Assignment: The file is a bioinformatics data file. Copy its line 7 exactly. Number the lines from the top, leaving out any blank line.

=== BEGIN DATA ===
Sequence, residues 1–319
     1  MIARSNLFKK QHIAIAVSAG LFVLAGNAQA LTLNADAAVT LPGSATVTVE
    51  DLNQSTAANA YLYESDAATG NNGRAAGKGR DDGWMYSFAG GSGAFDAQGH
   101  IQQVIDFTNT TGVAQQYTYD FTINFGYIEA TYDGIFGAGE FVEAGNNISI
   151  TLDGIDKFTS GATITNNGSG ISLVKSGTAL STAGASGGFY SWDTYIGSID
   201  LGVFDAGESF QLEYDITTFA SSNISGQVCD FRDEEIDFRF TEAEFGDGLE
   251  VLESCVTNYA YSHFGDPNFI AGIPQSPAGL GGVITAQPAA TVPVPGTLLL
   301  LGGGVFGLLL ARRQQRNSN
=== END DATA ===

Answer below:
   251  VLESCVTNYA YSHFGDPNFI AGIPQSPAGL GGVITAQPAA TVPVPGTLLL